Credit: Reuters/Shannon Stapleton By Patricia Reaney NEW YORK | Thu Oct 10, 2013 5:47pm EDT NEW YORK (Reuters) – Hip-hop artists Macklemore & Ryan Lewis scored the most American Music Awards nominations on Thursday with nods in six categories, followed by country-pop star Taylor Swift and singer Justin Timberlake with five each. The duo will compete in the top category, artist of the year, against singer Bruno Mars, Swift, Timberlake and pop singer Rihanna, who collected four nominations. Also getting four nominations were country music pair Florida Georgia Line and R&B singer Robin Thicke. Rapper will.i.am and singer Kelly Clarkson announced the names of the nominees in five of the top categories on Thursday on the ABC television network news show “Good Morning America.” Macklemore & Ryan Lewis also received nominations for the coveted best new artist award, the single of the year for “Thrift Shop,” favorite pop/rock band, and best rap/hip-hop artist and album for “The Heist.” “This year’s lineup of talent is truly very impressive,” Larry Klein, the producer of the AMAs, told a news conference before the final categories were announced. Last year’s big winner, 19-year-old teen heart-throb Justin Bieber who took home three awards including artist of the year, failed to receive any nominations. Florida Georgia Line, pop singer Ariana Grande, alternative rock band Imagine Dragons and Phillip Phillips, the winner of the 11th season of the TV singing competition “American Idol,” will also compete for new artist of the year. “Thrift Shop” featuring Wanz will vie for the best single against Thicke’s “Blurred Lines” featuring Pharrell & T.I. and “Cruise” by Florida Georgia Line with Nelly. Thicke, 36, also earned a nomination for favorite soul/R&B male artist alongside singer Miguel and Timberlake, while Ciara, Alicia Keys and Rihanna will battle it out for the top female soul/R&B trophy. Rihanna will also compete against Swift and singer Pink for the top female pop or rock artist prize, while Mars is pitted against Thicke and Timberlake for favorite male artist in the same category. Mars and Imagine Dragons each received three nominations. Former Disney star Miley Cyrus, 20, who caused a sensation with her raunchy performance at the MTV Video Music Awards in August and just released her new album “Bangerz,” and Imagine Dragons will perform during the awards show. Winners of the AMAs will be selected by fans through online voting, which starts on Thursday, and for the first time this year via Twitter. The awards will be presented on November 24 at the Nokia Theatre in Los Angeles and will be broadcast live on ABC and streamed online.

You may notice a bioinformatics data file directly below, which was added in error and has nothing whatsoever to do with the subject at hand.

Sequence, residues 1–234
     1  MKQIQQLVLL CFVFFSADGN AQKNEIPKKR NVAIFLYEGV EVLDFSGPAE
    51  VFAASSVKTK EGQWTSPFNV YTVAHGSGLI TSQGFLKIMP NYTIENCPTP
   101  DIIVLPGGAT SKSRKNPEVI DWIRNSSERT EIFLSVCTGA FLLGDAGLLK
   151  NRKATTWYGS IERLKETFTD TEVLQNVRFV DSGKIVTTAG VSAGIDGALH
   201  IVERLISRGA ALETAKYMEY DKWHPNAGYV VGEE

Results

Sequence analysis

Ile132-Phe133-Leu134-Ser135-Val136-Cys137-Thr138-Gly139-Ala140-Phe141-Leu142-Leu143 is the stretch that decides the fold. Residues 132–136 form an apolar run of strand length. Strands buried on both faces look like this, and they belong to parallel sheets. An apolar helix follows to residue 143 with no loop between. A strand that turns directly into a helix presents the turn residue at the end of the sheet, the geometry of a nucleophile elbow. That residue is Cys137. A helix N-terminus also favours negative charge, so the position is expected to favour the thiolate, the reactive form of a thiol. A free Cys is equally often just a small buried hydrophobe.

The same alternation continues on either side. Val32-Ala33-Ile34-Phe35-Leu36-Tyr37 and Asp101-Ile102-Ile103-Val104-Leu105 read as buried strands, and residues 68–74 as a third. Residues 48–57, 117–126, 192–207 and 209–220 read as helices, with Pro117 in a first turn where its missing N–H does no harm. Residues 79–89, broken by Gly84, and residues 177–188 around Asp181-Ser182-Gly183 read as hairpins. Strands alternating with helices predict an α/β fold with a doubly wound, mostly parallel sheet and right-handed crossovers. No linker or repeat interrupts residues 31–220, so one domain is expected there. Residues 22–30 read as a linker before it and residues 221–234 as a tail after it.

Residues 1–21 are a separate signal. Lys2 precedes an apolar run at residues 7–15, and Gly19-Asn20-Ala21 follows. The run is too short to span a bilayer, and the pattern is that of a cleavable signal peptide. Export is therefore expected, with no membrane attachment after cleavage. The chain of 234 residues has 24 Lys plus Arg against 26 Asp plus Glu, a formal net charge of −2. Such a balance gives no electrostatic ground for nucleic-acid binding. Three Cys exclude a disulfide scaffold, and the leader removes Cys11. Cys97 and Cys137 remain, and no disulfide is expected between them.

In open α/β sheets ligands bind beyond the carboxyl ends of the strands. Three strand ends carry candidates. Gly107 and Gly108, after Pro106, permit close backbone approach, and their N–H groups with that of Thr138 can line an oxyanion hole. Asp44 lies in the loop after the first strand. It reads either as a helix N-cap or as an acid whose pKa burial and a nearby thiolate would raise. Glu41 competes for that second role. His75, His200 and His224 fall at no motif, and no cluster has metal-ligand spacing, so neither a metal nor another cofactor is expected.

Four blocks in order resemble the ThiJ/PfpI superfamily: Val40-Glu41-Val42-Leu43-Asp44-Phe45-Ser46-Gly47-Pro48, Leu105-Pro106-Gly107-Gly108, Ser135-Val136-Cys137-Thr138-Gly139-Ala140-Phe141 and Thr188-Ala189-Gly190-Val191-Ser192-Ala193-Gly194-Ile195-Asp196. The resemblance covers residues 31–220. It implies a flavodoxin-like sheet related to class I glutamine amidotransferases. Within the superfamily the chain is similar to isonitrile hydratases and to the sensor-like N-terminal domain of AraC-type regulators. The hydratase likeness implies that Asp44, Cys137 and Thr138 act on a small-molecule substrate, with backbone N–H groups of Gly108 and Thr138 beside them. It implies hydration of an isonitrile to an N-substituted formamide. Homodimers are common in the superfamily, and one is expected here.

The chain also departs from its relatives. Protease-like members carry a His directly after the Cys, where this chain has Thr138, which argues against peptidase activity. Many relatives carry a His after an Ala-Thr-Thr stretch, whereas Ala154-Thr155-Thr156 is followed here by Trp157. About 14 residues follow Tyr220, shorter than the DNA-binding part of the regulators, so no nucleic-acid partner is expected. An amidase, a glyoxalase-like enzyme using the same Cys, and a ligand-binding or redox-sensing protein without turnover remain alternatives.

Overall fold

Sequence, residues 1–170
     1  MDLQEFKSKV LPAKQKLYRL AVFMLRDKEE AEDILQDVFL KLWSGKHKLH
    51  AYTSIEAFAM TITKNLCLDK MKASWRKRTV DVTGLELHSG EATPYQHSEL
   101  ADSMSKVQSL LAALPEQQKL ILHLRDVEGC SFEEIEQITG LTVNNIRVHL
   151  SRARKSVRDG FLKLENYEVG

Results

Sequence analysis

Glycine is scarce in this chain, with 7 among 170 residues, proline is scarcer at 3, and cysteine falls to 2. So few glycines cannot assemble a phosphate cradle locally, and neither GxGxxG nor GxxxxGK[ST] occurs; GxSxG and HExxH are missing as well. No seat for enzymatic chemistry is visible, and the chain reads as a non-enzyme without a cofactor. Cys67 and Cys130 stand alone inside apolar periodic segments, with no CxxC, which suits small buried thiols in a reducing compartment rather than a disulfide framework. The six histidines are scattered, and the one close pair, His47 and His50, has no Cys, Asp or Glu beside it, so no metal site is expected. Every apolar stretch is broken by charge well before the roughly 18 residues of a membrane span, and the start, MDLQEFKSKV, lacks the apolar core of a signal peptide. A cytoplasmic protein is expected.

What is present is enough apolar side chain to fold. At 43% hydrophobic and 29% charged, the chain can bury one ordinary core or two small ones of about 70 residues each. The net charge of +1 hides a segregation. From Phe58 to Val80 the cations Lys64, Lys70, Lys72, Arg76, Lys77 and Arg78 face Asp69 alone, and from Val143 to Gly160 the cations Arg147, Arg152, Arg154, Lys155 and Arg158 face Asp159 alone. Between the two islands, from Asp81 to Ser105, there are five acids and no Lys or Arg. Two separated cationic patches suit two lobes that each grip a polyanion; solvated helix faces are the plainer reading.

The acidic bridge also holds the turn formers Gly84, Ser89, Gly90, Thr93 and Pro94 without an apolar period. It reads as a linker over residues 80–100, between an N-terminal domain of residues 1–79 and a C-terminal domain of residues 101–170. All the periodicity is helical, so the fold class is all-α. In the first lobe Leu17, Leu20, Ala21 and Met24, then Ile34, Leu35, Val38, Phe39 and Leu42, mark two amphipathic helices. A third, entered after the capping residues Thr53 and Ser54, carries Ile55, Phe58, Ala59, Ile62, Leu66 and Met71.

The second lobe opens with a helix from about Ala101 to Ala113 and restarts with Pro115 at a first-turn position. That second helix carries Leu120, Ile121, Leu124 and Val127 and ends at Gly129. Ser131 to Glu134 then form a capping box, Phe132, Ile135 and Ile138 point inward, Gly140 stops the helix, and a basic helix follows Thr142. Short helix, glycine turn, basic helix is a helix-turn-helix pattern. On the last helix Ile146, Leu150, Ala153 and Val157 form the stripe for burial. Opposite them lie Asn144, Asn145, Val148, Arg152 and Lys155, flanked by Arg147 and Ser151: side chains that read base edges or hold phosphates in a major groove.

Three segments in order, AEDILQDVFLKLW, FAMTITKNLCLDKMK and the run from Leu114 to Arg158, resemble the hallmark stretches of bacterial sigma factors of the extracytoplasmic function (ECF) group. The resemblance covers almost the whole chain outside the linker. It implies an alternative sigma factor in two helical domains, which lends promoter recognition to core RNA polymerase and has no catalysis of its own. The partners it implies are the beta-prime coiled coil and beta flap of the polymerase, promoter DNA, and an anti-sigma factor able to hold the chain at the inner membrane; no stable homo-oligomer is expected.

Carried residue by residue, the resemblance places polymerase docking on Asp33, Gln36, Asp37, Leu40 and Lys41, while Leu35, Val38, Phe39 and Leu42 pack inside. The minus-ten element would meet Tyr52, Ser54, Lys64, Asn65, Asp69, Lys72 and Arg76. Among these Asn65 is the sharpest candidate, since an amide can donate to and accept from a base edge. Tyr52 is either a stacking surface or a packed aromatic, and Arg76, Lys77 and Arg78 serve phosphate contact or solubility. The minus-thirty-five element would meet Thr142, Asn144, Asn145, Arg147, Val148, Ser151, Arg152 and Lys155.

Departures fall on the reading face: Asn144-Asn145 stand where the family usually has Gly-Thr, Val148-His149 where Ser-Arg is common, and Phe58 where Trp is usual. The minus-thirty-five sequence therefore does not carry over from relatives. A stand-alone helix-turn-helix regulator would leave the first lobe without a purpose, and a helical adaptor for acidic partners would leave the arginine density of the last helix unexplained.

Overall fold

Macklemore & Ryan Lewis lead American Music Awards nominations
introduces children to lots of musical concepts through play. Using lighthearted activities and charming characters, the app makes exploring music a joy. Best For: Preschoolers and kindergartners who enjoy playing with engaging animals. By making the musical activities whimsical, the app draws in even the most reluctant kid. It provides a few activities that have multiple difficulty levels, so that the app can grow with your child. “Little Fox Music Box” lets kids play inside settings of popular children’s songs like Old MacDonald, which are filled with silly animations. (Photo: Fox & Sheep) Fox & Sheep, best for ages 3-6, $1.99-2.99, iPhone, iPod Touch, iPad , Android , Amazon Rating: 4 stars With Little Fox Music Box, kids explore three song scenes filled with hotspots that produce hilarious animations when touched. In the Old MacDonald song scene, kids will find farm animals doing silly things, such as a pig in a bathtub. With the Evening Song scene, kids see gentle scenes about animals getting ready for bed. And in the London Bridge song scene, funny things like a whale jumping out of a river or an alligator holding a red balloon appear. In each of these three scenes, the words to the songs appear as sung, or kids can sing them karaoke-style and record their performance. In addition to scene exploration, this app hosts a music-creation center in the fox’s burrow. But you won’t find traditional instruments here; instead, you make music by tapping ladles, teapots, croaking frogs or tweeting birds.